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I have a rather simple fragment shader with a branch and I'm a bit unsure how it is handled by the GLSL compiler and how it would affect performance.

uniform sampler2D sampler;
uniform vec2 texSize;
uniform vec2 targetSize; 

void main()               
    vec4 color;
    if(texSize == targetSize)
        color = texture2DNearest(sampler, gl_TexCoord[0]);
        color = texture2DBicubic(sampler, gl_TexCoord[0]);
    gl_FragColor = color;        

I have read from an AMDs document that sometimes both branches are executed, which would not be a good idea in this case. Without further information nor access to disassembly I'm unsure what to think about this, and how to avoid it if it is a problem?

And also from my understanding a branch based on a uniform variable will not incur any significant overhead since it is constant over a single pass?

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up vote 12 down vote accepted

Here you have it:

dcl_input_generic_interp(linear) v1
eq r2.xy__, c1.xyyy, c0.xyyy
imul r5.x___, r2.x, r2.y
mov r1.x___, r5.x
if_logicalnz r1.x
    sample_resource(0)_sampler(0) r6, v1.xyyy
    mov r7, r6
    sample_resource(0)_sampler(0) r8, v1.xyyy
    mov r7, r8
mov r9, r7
mov oC0, r9

To rephrase a bit what Kos said, what matters is to know if the guard condition can be known before execution. This is the case here since c1 and c0 registers are constant (constant registers start with letter 'c') and so is r1.x register value.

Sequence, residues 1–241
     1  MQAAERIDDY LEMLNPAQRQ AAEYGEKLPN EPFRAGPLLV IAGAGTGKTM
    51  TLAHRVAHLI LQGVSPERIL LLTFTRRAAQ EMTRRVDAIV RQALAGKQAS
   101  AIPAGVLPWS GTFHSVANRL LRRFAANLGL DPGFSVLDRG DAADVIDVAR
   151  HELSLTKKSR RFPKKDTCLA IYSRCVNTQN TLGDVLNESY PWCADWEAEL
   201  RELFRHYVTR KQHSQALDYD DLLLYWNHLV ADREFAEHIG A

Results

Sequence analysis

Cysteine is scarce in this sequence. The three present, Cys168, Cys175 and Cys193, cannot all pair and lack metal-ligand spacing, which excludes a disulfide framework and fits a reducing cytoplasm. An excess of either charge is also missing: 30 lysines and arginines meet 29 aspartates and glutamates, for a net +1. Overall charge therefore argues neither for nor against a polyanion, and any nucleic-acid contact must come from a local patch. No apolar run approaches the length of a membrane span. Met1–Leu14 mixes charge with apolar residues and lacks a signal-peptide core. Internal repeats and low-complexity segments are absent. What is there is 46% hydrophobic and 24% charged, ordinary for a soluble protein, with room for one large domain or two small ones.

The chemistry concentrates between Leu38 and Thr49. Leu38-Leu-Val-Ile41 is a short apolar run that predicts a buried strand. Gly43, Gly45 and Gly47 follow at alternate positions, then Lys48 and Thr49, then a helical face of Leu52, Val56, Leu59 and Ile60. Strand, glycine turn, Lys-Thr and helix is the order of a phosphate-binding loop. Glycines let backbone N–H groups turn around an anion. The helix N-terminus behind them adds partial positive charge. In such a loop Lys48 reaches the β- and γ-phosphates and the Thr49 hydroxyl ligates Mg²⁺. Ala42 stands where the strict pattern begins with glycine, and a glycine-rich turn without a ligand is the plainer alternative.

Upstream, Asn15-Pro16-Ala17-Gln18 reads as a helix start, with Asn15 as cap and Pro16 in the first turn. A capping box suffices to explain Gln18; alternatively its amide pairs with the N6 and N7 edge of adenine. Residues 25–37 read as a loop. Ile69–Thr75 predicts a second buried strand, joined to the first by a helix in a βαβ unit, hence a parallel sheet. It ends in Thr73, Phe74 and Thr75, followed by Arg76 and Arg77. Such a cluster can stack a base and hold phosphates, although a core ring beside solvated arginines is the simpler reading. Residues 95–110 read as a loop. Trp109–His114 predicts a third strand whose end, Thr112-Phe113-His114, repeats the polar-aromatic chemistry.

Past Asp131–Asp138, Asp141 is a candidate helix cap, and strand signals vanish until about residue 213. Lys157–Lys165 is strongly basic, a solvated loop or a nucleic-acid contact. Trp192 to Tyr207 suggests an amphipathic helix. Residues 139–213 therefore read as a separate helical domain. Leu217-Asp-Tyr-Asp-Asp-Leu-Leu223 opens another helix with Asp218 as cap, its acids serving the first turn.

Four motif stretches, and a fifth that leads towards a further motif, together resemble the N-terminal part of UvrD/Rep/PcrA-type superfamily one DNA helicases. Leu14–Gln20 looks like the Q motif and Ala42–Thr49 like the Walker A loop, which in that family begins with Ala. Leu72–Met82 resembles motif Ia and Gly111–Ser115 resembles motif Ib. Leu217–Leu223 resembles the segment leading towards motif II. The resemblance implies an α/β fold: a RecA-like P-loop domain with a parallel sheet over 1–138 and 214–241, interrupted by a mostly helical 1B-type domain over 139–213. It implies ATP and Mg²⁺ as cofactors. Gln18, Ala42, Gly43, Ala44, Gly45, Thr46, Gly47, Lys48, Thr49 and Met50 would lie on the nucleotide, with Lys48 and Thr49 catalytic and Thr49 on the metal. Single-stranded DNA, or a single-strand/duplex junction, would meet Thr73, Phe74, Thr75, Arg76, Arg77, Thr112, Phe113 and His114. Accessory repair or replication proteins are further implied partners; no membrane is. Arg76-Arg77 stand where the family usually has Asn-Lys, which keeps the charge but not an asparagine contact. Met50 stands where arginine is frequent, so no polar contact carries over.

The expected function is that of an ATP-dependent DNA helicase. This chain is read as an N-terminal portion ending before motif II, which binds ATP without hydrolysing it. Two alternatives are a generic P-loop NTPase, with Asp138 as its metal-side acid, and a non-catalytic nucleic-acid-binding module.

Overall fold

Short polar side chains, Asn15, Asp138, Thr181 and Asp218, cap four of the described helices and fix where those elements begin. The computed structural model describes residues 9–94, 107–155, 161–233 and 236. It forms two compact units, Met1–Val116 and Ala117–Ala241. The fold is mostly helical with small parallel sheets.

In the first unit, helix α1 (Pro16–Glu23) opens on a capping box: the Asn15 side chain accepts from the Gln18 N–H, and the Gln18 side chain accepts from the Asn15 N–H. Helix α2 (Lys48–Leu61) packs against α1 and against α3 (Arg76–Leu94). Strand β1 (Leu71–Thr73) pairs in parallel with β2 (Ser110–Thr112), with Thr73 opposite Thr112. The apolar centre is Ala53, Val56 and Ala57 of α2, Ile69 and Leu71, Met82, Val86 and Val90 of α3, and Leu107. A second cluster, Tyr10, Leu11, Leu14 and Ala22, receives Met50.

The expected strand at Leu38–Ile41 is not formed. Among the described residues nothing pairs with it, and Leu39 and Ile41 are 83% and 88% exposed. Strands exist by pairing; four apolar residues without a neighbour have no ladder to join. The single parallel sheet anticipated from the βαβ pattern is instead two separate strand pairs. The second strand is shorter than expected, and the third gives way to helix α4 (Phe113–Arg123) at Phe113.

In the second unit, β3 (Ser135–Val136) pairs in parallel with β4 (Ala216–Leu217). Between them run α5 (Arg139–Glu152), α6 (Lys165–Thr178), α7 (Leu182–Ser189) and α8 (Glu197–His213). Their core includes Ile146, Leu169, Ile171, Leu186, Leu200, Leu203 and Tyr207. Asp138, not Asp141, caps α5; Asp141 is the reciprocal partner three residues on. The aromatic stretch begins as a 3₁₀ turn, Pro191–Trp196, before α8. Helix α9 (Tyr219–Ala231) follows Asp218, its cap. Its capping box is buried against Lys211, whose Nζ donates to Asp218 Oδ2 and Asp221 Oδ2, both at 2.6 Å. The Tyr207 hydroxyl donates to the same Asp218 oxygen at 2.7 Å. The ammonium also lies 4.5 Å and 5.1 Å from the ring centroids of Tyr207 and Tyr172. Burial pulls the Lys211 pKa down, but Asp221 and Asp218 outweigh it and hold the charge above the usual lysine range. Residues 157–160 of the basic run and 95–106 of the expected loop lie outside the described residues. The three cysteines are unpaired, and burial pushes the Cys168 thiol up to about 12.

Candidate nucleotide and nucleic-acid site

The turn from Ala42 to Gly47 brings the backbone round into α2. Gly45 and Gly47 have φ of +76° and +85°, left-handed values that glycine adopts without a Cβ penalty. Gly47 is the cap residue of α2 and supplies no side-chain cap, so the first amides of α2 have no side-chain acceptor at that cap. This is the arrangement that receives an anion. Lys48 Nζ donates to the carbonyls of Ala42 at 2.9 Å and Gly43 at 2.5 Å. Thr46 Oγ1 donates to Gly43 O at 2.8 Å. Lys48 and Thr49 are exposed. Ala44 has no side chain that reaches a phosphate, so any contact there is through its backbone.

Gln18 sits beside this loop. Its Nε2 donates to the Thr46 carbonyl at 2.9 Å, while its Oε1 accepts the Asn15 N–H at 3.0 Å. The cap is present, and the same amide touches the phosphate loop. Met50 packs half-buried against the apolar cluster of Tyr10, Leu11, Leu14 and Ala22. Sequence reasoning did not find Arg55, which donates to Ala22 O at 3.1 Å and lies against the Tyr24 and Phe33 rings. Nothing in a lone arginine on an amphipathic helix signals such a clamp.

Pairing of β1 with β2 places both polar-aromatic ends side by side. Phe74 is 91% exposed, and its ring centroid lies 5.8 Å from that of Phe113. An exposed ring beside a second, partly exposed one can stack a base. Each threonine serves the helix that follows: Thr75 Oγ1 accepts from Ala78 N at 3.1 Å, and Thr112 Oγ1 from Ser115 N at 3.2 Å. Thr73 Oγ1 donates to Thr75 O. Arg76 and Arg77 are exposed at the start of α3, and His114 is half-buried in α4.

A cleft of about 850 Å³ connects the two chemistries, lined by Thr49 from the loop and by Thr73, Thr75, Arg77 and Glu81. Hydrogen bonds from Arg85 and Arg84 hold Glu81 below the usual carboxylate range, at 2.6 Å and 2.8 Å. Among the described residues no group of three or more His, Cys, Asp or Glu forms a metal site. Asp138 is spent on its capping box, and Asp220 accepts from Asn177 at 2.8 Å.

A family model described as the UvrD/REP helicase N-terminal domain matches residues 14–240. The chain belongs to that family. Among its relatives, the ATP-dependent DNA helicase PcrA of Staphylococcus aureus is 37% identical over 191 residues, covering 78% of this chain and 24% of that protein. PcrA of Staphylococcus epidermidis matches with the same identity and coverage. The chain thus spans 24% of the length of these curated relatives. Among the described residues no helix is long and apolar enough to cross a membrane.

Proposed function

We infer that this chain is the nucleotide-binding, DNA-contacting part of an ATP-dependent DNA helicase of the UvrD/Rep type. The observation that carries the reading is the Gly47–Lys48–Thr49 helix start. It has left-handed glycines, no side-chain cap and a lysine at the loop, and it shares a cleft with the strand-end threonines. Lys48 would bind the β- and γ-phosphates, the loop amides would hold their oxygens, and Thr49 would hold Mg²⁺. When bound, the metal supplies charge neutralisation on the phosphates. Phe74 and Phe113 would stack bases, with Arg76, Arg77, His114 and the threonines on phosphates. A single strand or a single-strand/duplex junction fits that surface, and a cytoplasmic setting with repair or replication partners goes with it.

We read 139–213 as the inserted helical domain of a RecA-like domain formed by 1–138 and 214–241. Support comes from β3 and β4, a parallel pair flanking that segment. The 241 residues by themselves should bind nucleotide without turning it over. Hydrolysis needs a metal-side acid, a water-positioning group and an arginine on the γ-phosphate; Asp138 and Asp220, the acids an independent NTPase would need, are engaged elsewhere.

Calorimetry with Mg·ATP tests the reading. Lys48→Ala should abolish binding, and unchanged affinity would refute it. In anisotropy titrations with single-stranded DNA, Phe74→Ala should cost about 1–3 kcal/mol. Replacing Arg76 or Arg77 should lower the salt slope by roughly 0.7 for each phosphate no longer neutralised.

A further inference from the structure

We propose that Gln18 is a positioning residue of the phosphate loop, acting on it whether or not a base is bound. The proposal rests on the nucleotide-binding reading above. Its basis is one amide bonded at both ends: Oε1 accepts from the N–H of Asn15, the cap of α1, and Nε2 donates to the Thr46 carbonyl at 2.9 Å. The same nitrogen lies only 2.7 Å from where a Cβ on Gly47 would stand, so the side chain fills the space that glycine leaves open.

That means this value is the same for all invocated fragment shaders, therefore no thread divergence can happen.

Btw, I'm using AMD GPU ShaderAnalyser for transforming GLSL into the IL. You can also generate native GPU assembly code for a specific generation (ranging from HD29xx to HD58xx).This is really a good tool!

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Too bad it's windows only :( – ttvd Nov 29 '10 at 0:16
+1 for a strict and complete answer. :) – Kos Nov 29 '10 at 11:55

Yes, IIRC you won't hit a performance overhead since all the threads in a single batch (warp) on a single GPU processor will go through a single branch. By 'thread' I mean 'a single execution line of the shader'.

The efficiency problem arises when a part of threads executed at the given time by a given processor (which'd be up to like 32 threads AFAIK; depends on hardware, I'm giving the numbers for G80 architecture) would branch into several branches - two different instructions at a time cannot be executed by one processor, so firstly the "if" branch would be executed by a part of threads (and the remaining would wait), and then the "else" branch would get executed by the rest.

That's not the case with your code, so I believe you're safe.

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